Community Days Ron has had a lot of involvement with local communities over the summer months, including attending agricultural shows and family fun days. Ron’s Community Days programme has expanded this year, whereby he spends a whole day in one area, visiting residents and organisations to get a better understanding of what is happening in the neighbourhood and listening to any local concerns. Aligning with Durham County Council’s Area Action Partnership areas, recent Community Days have taken place in Derwentside, 3 Towns (Crook, Willington and Tow Law) and 4 Together (Ferryhill, Chilton, Cornforth and Bishop Middleham), and in Darlington. Bikewise in Durham, Party in the Park in Consett, Middleton-in-Teesdale Carnival, Chester le Street Activity Week, Shildon Family Fun Day, Wolsingham Show, Peterlee Show, Stanhope Show and Hurworth Country Fair have also all provided fantastic opportunities for engaging with the community. And there have been plenty of other public visits in between. Ron has published a number of videos and photographs from his Community Days on his website at: www.durham-pcc.gov.uk, or search for Durham PCC on Facebook or Instagram.
YOUR COMMUNITY, YOUR NEWS £150,000 awarded to support community safety projects across County Durham and Darlington Communities across the area are benefitting from £150,000 of funding provided to local groups and voluntary organisations. Applications were submitted earlier this year to Ron’s Community Safety Fund, for projects aiming to reduce crime and improve community safety. Ron provided £100,000 of funding for 2016-17, with an additional contribution of £50,000 from County Durham Community Foundation (CDCF). This means £150,000 is available for local projects. Ron has asked CDCF to manage his Community Safety Fund again this year. In total, £149,817.00 has been awarded to 21 different community groups and voluntary organisations throughout County Durham and Darlington. Ron said: “We had an overwhelming response with around £500,000 worth of bids. The successful applicants can make a real difference to individuals in their local communities something which I believe is important to invest in.” Barbara Gubbins, Chief Executive of CDCF said: “We are delighted to be working with Ron and his team again to support these important initiatives across the area. County Durham Community Foundation was able to provide a 50% match against the funding pot and it’s great to be working together in this way. The awards made will help community projects right across County Durham and Darlington, so residents from different areas will benefit from this fund.” Three organisations, who were awarded funding this year, tell us more about their projects to help the local community...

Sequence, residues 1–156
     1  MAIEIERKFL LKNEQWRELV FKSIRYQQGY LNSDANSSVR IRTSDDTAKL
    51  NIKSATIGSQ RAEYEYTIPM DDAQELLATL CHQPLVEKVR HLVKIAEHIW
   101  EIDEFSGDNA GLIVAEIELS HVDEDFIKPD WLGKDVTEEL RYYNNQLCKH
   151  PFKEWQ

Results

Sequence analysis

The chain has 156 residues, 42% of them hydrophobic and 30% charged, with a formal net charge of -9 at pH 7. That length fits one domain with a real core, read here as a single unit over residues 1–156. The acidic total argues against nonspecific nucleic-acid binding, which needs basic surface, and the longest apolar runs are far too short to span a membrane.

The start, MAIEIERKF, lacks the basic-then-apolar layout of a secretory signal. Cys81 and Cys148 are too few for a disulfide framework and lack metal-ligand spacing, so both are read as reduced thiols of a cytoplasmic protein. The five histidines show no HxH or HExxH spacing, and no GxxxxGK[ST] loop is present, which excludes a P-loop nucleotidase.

Durham Pride Durham Pride UK, was awarded £5,200, and they will use the grant towards preventing hate crime. Mel Metcalf, Chair of Durham Pride UK, said: “Thanks to this grant from the Community Safety Fund, Durham Pride UK can provide our very own Rainbow Alliance and Rainbow Community Cafe, encouraging diversity and inclusiveness and improving the visibility of the growing numbers of LGBTQ+ people living in County Durham.”
Life Skills Project Young people in Darlington, aged 16-25 and who are not involved in education, employment or training have the opportunity to get involved in an innovative project to gain essential skills, thanks to a scheme that supports young people. The Morrison Darlington Enterprise Trust, was awarded £18,966 of grant funding, offers Apprenticeships, Selfemployment, Accredited Training and Vocational Skills to meet young people’s needs and aspirations.